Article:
Production of Masa Dough and Tortillas
Masa dough containing an additive of the present invention is prepared in the manner described below.
100 g of white dent corn is boiled for 20 minutes in 300 ml of water containing 1 g of lime (CaOH). This mixture is allowed to stand overnight (15 hours), and then the supernatant is decanted, and the corn is rinsed thoroughly with water. The alkaline-cooked corn is flash dried, and is then ground in a hand grinder to an average particle size which passes through a standard U.S. No. 40 mesh screen.
To the above product is added with mixing 2 weight percent (dry basis) of the above additive designated Sample #1 in Example 2.
Tepid water is added to the above dry mixture in a ratio of 1:1 parts by weight (dry basis for the flour mixture) with mixing until the dough formed reaches a consistency which is not sticky, but which can be shaped into balls.
The resulting dough is then shaped into 30 g balls, and is pressed with a commercially-available tortilla machine to an approximate diameter of 10 cm.
Each tortilla is then cooked at 350° C. on a preheated stainless steel gas griddle with 1 minute on each side. Then, each tortilla is turned over and pressed with a spatula for 15 seconds to induce puffing. The tortillas are cooled for 2 minutes and stored in sealed plastic bags.
Production of Masa Dough and Tortillas
Commercially-available nixtamalized corn flour is mixed into masa in a commercially-available, mechanical dough mixer with about 1 part by weight of water per part of flour on the dry weight. Two weight percent of the bran composition additive of the present invention designated Sample #2 in Example 2 is added to the dough and incorporated therein by the dough mixer.
Tortillas are then prepared from the resulting dough in the manner described in Example 3.
Processing of Bran
Different types of bran were processed as indicated in the table below. The indicated types of bran (250 grams) were mixed with tap water having a temperature of 95° to 100° C. to gelatinize the starch and increase the moisture content of the bran. Samples were stirred and placed in a water bath as indicated in column D. Column F shows the moisture content before placing the sample in the water bath, and column G shows the moisture content after 20 minutes in the water bath. The temperatures of the mixture prior to addition of water (column H), after addition of water (column I), and after 20 minutes in the water bath (column J) are shown below. After 20 minutes, samples were removed from the water bath and dried as indicated in columns K and L. The moisture content before milling is shown in column M and the moisture content after milling is shwon in column N.
For 55% H2O/45% DS
For 65% H2O/35% DS
Sample Wt (g)
H2O Wt (g)
Sample Wt (g)
Cargill/Ogden White Wheat Bran 4/21/98
Hearty Life Oat Bran-Hot Cereal/All Purpose Baking
Malt Feed (from Cargill) 4-23-98
20 min. 100 C
Cargill/Ogden White Wheat Bran 4/21/98 - 55% H2O,
0.15 g lime
Cargill/Ogden White Wheat Bran 4/21/98 - 65% H2O,
0.15 g lime
Cargill/Ogden White Wheat Bran 4/21/98 - 65% H2O,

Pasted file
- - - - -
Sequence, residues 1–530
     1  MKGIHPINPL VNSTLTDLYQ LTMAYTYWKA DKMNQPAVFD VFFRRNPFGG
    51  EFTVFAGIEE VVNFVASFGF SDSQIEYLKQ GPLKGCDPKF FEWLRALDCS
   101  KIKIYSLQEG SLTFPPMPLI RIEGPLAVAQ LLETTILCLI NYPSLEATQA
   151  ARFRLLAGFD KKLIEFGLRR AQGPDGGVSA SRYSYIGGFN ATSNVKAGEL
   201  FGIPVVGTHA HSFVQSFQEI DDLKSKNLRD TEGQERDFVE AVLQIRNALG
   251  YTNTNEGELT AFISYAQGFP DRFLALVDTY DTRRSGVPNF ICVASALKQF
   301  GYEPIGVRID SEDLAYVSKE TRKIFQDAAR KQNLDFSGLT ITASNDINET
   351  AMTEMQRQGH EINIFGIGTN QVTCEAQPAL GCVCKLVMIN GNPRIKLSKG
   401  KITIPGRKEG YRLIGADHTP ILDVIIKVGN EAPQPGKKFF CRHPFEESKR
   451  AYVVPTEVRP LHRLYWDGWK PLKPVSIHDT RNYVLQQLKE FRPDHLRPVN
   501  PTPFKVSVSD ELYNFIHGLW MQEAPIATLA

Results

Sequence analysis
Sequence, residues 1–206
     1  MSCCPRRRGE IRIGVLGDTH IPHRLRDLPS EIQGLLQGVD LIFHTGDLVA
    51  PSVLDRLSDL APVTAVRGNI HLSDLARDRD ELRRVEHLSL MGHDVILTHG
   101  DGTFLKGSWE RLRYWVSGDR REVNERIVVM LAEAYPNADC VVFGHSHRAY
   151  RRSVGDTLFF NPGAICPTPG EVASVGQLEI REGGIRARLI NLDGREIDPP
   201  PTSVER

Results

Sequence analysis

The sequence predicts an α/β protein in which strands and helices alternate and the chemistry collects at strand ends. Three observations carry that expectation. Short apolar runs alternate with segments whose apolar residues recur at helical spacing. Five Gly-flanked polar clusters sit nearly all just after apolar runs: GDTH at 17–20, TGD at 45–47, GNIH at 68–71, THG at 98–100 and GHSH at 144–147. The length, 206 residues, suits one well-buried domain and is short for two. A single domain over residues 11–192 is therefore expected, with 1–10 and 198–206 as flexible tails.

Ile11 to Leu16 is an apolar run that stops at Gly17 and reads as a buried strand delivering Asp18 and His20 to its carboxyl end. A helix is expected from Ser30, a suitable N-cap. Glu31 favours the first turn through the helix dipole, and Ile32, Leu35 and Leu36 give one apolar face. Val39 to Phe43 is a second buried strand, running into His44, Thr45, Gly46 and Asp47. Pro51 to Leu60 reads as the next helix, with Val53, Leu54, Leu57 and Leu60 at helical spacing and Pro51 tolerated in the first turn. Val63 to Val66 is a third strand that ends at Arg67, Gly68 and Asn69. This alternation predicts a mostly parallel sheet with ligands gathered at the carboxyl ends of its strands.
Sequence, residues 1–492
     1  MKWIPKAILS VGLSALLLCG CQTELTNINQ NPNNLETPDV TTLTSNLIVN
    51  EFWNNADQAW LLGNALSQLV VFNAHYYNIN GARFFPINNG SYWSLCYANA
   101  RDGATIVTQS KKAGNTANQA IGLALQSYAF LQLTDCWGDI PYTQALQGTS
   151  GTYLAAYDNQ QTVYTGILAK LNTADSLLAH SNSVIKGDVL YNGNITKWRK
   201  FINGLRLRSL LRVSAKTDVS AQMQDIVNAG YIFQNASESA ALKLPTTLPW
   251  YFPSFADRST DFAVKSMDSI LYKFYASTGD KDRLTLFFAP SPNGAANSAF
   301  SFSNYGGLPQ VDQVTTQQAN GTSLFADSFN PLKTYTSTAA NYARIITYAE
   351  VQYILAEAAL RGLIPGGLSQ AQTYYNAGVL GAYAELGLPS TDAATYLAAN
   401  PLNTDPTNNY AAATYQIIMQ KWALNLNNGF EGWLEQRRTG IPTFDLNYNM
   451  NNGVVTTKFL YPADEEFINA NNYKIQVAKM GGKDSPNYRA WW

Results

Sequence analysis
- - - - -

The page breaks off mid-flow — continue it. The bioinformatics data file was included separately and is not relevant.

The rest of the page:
Hearty Life Oat Bran - Hot Cereal/All Purpose 65%
H2O, no lime,
Hearty Life Oat Bran - Hot Cereal/All Purpose 65%
H2O, no lime
Malt Feed (from Cargill) 4-23-98, 55% H2O, no lime
Malt Feed (from Cargill) 4-23-98, 65% H2O, no lime
See Note 3
1 & 2
Initial Moisture Readings for Original Sample
Cargill/Ogden White Wheat Bran 4/21/98
Hearty Life Oat Bran - Hot Cereal/All Purpose Baking
Malt Feed (from Cargill) 4-23-98
Note 1: It is hard to make a homogenous suspension of water/bran in all cases, especially for oat bran (lumps of flour). Mixing with a spatula
Note 2: The same issue above applies to the measurement of the temperature and moisture. Therefore, temperature and moistures are given for the
best possible mixture with a spatula. As results indicate, the actual values are higher than the calculated ones since the mixing was not
Note 3: Water bath does not hold the temperature at 100 C upon opening for sample placement. Therefore, the water bath temperature was as
Note 4: Oven was set for 60 C for sample drying but the actual temperature was 52 C (measure with a thermocouple device).
H2O Wt (g)
Cargill/Ogden White Wheat Bran 4/21/98
Hearty Life Oat Bran-Hot Cereal/All Purpose
Malt Feed (from Cargill) 4-23-98
20 min 100 C
Cargill/Ogden White Wheat Bran 4/21/98 -
55% H2O, 0.15 g lime
Cargill/Ogden White Wheat Bran 4/21/98 -
65% H2O, 0.15 g lime
Cargill/Ogden White Wheat Bran 4/21/98 -
65% H2O, no lime
Hearty Life Oat Bran - Hot Cereal/All Purpose
65% H2O, no lime
Hearty Life Oat Bran - Hot Cereal/All Purpose
65% H2O, no lime
Malt Feed (from Cargill) 4-23-98, 55% H2O,
Malt Feed (from Cargill) 4-23-98, 65% H2O,
water bath at
2 min equilib
The foregoing examples are provided to enable one of ordinary skill in the art to practice the present invention. These examples are merely illustrative, however, and should not be read a limiting the scope of the invention as it is claimed in the appended claims.
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|U.S. Classification||426/622, 426/626, 426/549|
|International Classification||A23L1/10, A23L1/164, A21D15/00, A21D2/02|
|Cooperative Classification||A21D15/00, A21D2/02, A23L7/117, A23L7/115|
|European Classification||A23L1/164, A23L1/10E, A21D2/02, A21D15/00|
|Jan 26, 2004||AS||Assignment|
Owner name: CARGILL, INCORPORATED, MINNESOTA
Free format text: ASSIGNMENT OF ASSIGNORS INTEREST;ASSIGNORS:DELRUE, RITA M.;BURIANEK, MARK D.;XENIDES, CAROL J.;AND OTHERS;REEL/FRAME:014934/0081;SIGNING DATES FROM 20020413 TO 20020614